Colin Gibson

Colin Gibson

and everyone who knew how they went together tended to be Australian, the bulk of the crew was Australian. But of course we hired Namibians, South Africans, some terrific English mechanics. We did have six or seven hundred people on set many of the days and were shooting in two or three different locations at a time. It was quite a big enterprise.
 
AS: Going back to long before you were working with these crews of seven hundred, how did you first get started in the field of production design?
CG: Some of us start out going to art school and some of the rest of us happen to be failed actors whose children start screaming for bread and shoes!

AS: You were one of the actors?
CG: Yes, I used to pretend I was waiting for my big break but no matter how tight the sweater I wore it still never happened, so fortunately there’s been enough work in the art department to keep me going!

AS: Did you go to a theater school rather than art school?
CG: I did go to a theater school while I was at university, trying to find a way out of university once I discovered that it wasn’t like school. In philosophy class you go to all the trouble of learning I think, therefore I am and then you go back next week and some other philosopher’s got some completely different theory. I needed to find something else to do and I did part-time acting classes and worked as an actor for a few years. I discovered that most of the places that I worked at as an actor I was also taking over the sets and the lighting and occasionally the production itself.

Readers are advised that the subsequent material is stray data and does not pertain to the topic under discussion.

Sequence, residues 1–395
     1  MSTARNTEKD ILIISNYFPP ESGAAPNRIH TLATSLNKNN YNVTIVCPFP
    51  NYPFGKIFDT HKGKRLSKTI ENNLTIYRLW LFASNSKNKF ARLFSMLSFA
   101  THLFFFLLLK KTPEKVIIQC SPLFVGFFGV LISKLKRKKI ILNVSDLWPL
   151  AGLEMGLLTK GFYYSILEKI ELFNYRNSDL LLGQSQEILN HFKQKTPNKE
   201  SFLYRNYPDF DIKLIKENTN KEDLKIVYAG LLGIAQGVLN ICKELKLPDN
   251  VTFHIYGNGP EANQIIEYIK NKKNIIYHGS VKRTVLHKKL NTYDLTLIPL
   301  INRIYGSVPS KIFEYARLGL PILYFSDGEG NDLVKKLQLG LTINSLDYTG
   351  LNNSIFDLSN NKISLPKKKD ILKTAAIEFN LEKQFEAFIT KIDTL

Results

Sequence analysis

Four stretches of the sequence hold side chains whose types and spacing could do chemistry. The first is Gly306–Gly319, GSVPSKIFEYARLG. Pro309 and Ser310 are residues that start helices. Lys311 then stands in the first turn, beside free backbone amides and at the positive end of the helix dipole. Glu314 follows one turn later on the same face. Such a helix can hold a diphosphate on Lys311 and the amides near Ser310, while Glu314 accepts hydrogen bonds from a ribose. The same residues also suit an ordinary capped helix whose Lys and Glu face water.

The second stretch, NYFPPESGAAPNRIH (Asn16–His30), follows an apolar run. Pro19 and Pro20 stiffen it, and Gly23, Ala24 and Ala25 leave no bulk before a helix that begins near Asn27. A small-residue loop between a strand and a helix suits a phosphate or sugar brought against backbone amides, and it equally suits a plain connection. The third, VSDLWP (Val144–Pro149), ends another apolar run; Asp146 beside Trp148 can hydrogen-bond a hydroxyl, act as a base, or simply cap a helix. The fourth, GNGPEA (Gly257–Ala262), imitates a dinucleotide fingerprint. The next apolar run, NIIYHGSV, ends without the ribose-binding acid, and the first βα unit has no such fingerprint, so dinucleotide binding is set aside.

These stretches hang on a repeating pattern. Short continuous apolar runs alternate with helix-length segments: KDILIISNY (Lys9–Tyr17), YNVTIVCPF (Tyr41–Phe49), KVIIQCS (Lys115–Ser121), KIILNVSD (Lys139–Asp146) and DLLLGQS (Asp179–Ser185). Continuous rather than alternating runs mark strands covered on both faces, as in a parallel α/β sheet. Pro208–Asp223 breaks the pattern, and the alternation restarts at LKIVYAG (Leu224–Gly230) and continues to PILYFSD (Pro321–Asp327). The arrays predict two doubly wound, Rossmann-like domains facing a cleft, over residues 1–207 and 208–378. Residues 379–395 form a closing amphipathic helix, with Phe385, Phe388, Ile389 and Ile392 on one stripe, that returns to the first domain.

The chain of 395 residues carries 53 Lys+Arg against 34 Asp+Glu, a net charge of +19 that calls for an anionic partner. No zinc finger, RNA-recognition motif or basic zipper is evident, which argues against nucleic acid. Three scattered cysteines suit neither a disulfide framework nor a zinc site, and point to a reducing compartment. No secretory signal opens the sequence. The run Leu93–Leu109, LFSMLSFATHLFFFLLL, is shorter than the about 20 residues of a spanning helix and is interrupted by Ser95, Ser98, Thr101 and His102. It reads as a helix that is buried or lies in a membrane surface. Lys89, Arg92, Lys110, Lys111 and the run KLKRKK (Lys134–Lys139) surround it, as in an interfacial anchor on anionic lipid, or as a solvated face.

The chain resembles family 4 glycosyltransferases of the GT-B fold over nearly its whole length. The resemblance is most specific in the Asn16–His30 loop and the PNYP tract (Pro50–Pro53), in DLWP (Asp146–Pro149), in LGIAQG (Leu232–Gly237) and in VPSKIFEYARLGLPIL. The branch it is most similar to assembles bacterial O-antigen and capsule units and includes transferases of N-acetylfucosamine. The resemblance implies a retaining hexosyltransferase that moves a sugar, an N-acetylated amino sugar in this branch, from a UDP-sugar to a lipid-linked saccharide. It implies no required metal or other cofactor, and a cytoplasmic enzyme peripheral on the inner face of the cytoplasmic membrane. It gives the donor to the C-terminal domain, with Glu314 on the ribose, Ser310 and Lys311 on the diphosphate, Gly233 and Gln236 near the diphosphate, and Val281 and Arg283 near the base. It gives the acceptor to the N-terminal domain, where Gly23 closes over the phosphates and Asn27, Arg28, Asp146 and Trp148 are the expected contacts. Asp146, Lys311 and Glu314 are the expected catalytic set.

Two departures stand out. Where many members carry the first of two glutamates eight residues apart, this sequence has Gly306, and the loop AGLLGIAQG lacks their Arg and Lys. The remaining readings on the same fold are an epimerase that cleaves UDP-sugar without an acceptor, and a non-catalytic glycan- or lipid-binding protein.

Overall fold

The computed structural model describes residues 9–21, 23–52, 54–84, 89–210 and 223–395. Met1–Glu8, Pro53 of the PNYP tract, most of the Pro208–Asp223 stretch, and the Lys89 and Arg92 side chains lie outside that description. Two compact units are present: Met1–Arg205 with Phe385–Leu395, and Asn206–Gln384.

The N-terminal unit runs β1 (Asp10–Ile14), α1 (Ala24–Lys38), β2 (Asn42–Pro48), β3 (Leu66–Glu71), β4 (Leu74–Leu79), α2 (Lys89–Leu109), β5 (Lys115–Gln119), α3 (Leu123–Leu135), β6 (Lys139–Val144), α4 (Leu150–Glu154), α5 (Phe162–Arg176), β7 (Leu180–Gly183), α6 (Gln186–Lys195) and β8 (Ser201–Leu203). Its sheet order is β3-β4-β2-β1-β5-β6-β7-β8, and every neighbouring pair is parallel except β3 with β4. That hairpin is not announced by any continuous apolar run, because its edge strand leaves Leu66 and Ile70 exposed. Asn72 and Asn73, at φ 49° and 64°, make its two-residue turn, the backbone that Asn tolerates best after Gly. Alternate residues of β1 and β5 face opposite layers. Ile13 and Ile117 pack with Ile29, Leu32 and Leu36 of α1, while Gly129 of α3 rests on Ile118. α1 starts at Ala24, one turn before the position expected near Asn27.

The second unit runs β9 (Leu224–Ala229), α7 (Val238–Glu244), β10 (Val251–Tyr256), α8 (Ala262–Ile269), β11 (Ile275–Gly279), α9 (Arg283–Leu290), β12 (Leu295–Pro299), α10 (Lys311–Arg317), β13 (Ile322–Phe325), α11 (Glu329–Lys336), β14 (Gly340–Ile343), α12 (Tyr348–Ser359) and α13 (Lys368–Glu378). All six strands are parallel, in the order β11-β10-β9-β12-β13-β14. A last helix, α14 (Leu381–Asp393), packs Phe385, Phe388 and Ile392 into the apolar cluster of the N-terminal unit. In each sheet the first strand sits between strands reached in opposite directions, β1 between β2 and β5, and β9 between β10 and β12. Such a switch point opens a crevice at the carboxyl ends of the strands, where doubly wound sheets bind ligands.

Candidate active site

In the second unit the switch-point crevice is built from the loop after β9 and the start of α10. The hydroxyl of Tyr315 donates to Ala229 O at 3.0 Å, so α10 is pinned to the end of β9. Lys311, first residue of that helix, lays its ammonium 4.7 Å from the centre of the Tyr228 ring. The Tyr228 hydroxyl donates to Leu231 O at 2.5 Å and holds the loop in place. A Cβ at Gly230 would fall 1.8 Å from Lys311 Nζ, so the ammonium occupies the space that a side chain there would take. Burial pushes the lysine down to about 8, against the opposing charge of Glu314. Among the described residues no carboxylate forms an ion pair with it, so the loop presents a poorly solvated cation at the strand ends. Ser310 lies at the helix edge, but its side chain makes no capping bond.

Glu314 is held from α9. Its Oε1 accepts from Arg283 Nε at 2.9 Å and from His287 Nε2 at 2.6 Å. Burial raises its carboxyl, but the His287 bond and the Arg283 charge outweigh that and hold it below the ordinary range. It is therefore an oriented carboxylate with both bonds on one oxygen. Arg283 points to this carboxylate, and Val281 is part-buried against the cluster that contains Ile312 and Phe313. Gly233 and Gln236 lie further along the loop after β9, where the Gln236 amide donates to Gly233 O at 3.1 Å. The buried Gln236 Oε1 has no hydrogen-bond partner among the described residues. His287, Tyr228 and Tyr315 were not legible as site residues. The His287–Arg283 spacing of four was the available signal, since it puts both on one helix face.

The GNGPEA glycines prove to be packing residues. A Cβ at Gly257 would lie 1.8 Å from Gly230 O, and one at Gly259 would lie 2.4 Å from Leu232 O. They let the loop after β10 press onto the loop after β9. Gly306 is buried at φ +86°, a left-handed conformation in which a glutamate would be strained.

I found myself schlepping international shows around festivals in Australia and New Zealand and sort of redesigning them and repackaging them and that ended up being my new life. And then one time I took a beautiful Yugoslavian company to Melbourne as an outdoor show and it rained for two weeks straight and I was losing a fortune. I called an ethnic television station that had just opened in Sydney called SBS and asked them if they’d like to come and shoot. We had a free weekend before we opened in Sydney and I was in need of making some money. They came down and not only did I have great fun but I also made more money on that weekend than I had been making while schlepping thirty Yugoslavs around the Southern Hemisphere. Two weeks later I was offered a job as a props guy, not really knowing what a props guy was. It involved a cruise ship, Love Boat in the Pacific, and there you go- the rest is history.

AS: Were you working as a propmaster or assistant props?
CG: It was called Stand-by Props in those days, which meant you were standing by on set. It was unfortunate in the early days because I had a tendency to call Cut! whenever anything looked bad and while working on Love Boat a lot of things looked bad. I eventually broke myself of the habit of yelling Cut! to

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About the Interviewer

Tom Lisowski is a production designer who has designed swamp mazes shot in China, crumbling cliffs in Utah, future arenas in South Central, dilapidated tenements and twisted laboratories under luxurious mansions... William Anthony is a Los Angeles-based commercial and editorial photographer specializing in portraiture, lifestyle and documentary imagery... Guest photographer Nelson Cragg is an award-winning cinematographer who shoots and directs television, feature films, and commercial projects. Contact ArtStars: tom@artstars.us